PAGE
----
Johannesburg

Constitution Hill

  Cnr Joubert St and Kotze St, Braamfontein ,   Braamfontein          +27 11 381 3100     18 Sep 2018
created 18 Nov 2013
The buildings of Constitution Hill in Braamfontein reveal the horrors of some of the darkest hours of 20th Century South Africa, while also showcasing the bright, optimistic future of the country enshrined in the modern Constitutional Court. The large complex is split into four parts: the Old Fort, the Women's Gaol, the Number 4 prison block and the Constitutional Court. In addition to the extensive permanent museum exhibits, the complex also hosts regular art and photography exhibitions and lectures, and has an impressive permanent art collection. Parking/transport: Parking available just off Constitution Square. Rea Vaya bus C-3 to Constitution Hill or a 15-minute walk from Park Station.

The Old Fort
The Old Fort at the centre of the Constitution Hill complex was built in 1893 as a fortress to protect Johannesburg from the threat of invasion and also to keep a watch over the miners flocking to the growing settlement. Following the end of the Anglo-Boer war the fort became a jail for white prisoners. One notable exception is Nelson Mandela who was briefly imprisoned here when he was arrested in 1962. His cell now forms the Mandela Cell exhibition. Make sure you take a walk around the fort ramparts for a fantastic view of the skyscrapers of the city centre and an enticing glimpse into the hustle and bustle of the chaotic neighbourhood of Hillbrow. Inside the old prison cells you can also visit the free installation It's A Fine Line which mixes archive footage of some of South Africa's most prominent anti-apartheid activists with artworks depicting the most critical moments in the country's history.

Women's Gaol
The grand-looking brick buildings of the old Women's Gaol were built in 1909 and held black and white female prisoners (and often their babies too) in separate sections. During apartheid many major political activists such as Albertina Sisulu, Ruth First and Winnie Madikizela-Mandela were imprisoned here in humiliating conditions and subjected to months of solitary confinement. The museum includes many moving testimonies from former black female prisoners, detailing their struggles behind bars and the shockingly absurd reasons for their arrests.

Number 4
The notorious Number 4 prison block is not for the faint-hearted and wandering its bleak yards and dank cells is at times a harrowing experience. However, as Nelson Mandela himself said it is also an essential one for “no one truly knows a nation until one has been inside its jails.” Number 4 was used from 1904 until 1983 as a prison for 'native men' whose crimes ranged from political activism and communist party membership to murder, robbery, petty crime and, most commonly, the infringement of the racist passbook laws. Prisoners were held in desperately over-crowded and unsanitary conditions and were regularly starved, beaten and brutalised. The whole block is left pretty much as it was when prisoners were last incarcerated here and videos are projected onto the walls inside the cells providing first-hand testimonies of the brutality of life in Number 4. At the far end of the prison, looked over by a watch tower and hemmed in by rusting barbed wire, are the disturbing isolation cells which are said to be haunted. Before leaving don't miss the humbling exhibit on Mahatma Gandhi, who was imprisoned here in 1906 for his political activism.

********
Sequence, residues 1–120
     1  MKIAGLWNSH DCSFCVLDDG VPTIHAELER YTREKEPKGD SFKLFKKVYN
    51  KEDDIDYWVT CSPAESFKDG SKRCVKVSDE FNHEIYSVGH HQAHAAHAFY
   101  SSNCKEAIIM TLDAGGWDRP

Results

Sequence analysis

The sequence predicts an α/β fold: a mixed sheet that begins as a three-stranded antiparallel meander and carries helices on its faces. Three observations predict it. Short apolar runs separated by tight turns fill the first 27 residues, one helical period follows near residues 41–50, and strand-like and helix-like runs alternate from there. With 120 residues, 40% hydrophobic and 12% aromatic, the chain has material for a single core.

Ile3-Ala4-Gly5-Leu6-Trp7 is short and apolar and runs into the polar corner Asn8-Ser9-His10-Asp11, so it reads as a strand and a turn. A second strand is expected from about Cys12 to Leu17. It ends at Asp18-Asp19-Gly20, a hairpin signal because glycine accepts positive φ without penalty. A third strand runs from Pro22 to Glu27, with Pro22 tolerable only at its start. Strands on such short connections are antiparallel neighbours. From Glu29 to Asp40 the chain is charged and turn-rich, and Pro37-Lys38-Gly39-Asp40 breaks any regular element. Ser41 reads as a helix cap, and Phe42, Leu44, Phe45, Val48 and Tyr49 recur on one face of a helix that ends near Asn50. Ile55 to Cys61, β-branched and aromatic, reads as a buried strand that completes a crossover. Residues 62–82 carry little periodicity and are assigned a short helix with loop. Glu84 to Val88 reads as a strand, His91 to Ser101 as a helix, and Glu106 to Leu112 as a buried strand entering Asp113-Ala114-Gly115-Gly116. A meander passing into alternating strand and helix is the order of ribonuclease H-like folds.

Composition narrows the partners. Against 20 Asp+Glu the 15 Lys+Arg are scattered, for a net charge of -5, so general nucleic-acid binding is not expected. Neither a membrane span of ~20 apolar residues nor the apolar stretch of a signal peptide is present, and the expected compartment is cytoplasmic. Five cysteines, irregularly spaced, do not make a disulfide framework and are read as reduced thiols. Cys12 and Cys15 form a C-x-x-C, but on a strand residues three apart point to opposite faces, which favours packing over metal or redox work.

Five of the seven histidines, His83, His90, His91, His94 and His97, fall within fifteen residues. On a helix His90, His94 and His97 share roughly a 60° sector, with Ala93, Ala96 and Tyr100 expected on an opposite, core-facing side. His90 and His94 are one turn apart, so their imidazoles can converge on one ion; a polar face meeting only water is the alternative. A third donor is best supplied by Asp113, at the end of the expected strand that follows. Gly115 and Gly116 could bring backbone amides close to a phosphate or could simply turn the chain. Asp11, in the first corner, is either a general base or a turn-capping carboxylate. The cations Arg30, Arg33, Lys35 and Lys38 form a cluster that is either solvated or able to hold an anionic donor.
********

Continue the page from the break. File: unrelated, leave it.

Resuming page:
Constitutional Court
The Constitutional Court was opened in 2003 and built using bricks from the old awaiting-trial prison block. The bright, inviting and modern building is filled with hundreds of South African paintings and sculptures which alone are worth a visit. The Court's main function is to uphold the principles of freedom and equality enshrined in South Africa's hard-won constitution, making this the highest court in the country. All interested visitors are allowed to attend court hearings and visit the court chamber.

City Sightseeing bus
Constitution Hill is the starting point for the open-top hop-on hop-off City Sightseeing bus Red City tour which makes stops at all the major museums in downtown Joburg such as SAB World of Beer and Origins Centre, as well as the Apartheid Museum in south Joburg. At Constitution Hill you can also join the City Sightseeing bus Green route tour which travels to Rosebank via Joburg Zoo, Zoo Lake and the Ditsong Museum of Military History.

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Website

Email

info@constitutionhill.org.za

Open

Open 09:00–17:00.
Tours leave on the hour, every hour. Last tours leave at 16:00.

Price/Additional Info

Admission to museum areas R80, kids R40, students R45, pensioners R55 (includes optional one hour guided tour). Admission and a two hour guided tour R100, kids R65, students, pensioners R70. Discounts are available for groups and visitors using the the City Sightseeing red bus. Tickets can be booked online. Secure parking is available at the car park inside the centre of Constitution Hill (entrance off Joubert Street). Special themed tours such as the Walk with Madiba tour or the Art and Justice tour must be booked in advance (groups of minimum 10 people).

Events at this venue

Sunday Dec 30 …
Afropunk
15:00
Sunset Picnic on the Ramparts

Associated Venues

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